It’s hard to see them coming sometimes – fundamental changes that irrevocably alter the whole makeup of your life. It feels like day in and day out, nothing really changes. The days feel long and monotonous. Same couch, same pandemic, same life.

But these small, seemingly inconsequential, things happen every so often. You sell your car, your city switches to grey lock-down restrictions, your boyfriend takes an interview for a live-in position at an apartment building down the road, for example. They don’t throw your life for a loop directly, but they start to pave the way for big changes.

Before you know it, you’re sitting in the remnants in what used to be your very first adult home. The apartment you longed for, searched for, and acquired all by yourself. You try your best to keep working with your desk in pieces, the rest of your life in boxes, and strangers wandering around your home wondering what will happen next in their lives. And you’re wondering what will happen next in yours.

“Imagine how beautiful this balcony will look in the summer? With all the leaves on the trees?” A prospective new tenant asks her boyfriend through video call as you try not to eavesdrop from the living room. It IS beautiful in the summer. Absolutely. You didn’t appreciate it enough. The new apartment is on the second floor with a view of other buildings’ second floors and, if you look closely between the alleyway, a gas station.

When the viewing ends, your cat crawls, low to the ground, out from under his hiding spot beneath the bed. You worry about the impact the move will have on him. For minus 4 weeks of his nearly 4 years on earth, he’s only lived in this apartment. One of his greatest thrills is when he runs up and down the hallway after midnight sometimes. He won’t have that hallway to run around in the new building. You worry about his territorial instincts. About your own. About the new neighborhood, the new apartment. Will the walls be as soundproof? Will the neighbors be as nonexistant? Will the vibe be as lovely?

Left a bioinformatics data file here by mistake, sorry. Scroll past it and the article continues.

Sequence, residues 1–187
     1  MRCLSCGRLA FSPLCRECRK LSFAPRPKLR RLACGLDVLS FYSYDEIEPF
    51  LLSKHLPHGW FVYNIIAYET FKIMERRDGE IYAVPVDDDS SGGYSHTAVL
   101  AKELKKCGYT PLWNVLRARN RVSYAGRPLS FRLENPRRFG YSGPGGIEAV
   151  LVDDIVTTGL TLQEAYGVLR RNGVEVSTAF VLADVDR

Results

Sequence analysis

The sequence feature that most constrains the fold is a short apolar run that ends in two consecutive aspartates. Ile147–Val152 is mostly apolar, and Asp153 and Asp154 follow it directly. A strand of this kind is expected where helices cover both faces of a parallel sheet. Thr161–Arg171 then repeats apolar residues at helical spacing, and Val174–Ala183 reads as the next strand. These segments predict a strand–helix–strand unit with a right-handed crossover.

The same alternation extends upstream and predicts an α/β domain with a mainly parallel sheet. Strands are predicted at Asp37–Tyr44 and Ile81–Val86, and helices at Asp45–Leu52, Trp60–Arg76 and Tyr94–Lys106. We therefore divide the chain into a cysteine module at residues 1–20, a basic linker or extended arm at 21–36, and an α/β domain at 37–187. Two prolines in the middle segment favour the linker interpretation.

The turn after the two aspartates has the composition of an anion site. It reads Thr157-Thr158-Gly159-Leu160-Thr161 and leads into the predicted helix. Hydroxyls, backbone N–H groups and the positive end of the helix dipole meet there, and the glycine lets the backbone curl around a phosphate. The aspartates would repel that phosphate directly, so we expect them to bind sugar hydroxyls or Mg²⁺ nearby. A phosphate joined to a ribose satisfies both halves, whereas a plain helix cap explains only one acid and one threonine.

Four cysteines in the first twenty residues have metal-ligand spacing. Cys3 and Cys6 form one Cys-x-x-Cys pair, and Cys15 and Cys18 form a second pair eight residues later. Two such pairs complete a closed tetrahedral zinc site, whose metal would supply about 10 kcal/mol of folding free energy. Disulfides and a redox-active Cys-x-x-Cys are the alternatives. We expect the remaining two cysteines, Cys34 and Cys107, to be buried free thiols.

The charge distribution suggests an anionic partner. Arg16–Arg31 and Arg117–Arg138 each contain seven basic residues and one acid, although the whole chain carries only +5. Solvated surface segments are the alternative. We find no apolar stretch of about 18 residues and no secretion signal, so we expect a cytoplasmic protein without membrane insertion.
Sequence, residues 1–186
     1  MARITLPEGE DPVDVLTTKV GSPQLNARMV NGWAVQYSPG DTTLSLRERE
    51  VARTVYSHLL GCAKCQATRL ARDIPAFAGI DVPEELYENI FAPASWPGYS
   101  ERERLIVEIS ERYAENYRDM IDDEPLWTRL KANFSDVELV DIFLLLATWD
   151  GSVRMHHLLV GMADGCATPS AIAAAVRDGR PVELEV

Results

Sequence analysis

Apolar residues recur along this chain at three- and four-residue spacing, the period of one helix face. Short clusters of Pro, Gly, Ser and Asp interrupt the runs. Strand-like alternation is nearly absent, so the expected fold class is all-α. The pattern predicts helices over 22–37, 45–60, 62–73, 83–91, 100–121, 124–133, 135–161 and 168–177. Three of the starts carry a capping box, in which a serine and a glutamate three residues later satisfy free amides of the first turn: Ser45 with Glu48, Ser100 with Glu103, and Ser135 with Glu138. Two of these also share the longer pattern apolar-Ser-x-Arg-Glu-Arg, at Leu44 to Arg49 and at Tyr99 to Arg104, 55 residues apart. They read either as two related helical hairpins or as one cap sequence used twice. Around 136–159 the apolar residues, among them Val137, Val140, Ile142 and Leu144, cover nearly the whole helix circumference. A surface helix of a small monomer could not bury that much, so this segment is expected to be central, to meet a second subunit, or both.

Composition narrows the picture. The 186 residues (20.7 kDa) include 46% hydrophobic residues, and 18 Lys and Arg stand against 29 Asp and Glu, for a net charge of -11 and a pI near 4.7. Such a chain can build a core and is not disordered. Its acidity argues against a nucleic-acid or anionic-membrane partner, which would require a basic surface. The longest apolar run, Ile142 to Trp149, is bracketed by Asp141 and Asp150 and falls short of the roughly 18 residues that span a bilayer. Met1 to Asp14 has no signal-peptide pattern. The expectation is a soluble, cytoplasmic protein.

This apartment has been good to you. This apartment has put up with you and comforted you during an entire year of working from home. And for three years before that. This apartment has housed, protected and watched you grow into the best version of yourself so far. You don’t want to go, but you know that endings are a natural part of life. As much as it feels like it on the bad days, time isn’t stagnant. Life is always flowing into new experiences, new places. This move is just another ripple in the colourful timeline of your unfinished life. It’s a good thing. A great thing.

The new building is nice. It’s a bit newer, better kept. There’s a gym and an outdoor pool. The new neighborhood is more convenient. More restaurants and shopping nearby. You’re right on the subway line, instead of a 15 minute walk away. The new apartment is bigger. Freshly painted. You’ll finally have curtains. A guest room. Ample space for storage for the ridiculous amount of stuff you’ve managed to amass and cram into this tiny old apartment with nearly no closet space. The new apartment is a blank space, waiting eagerly for you to come and make it your new home, fill it with new memories and new experiences. It’s exciting!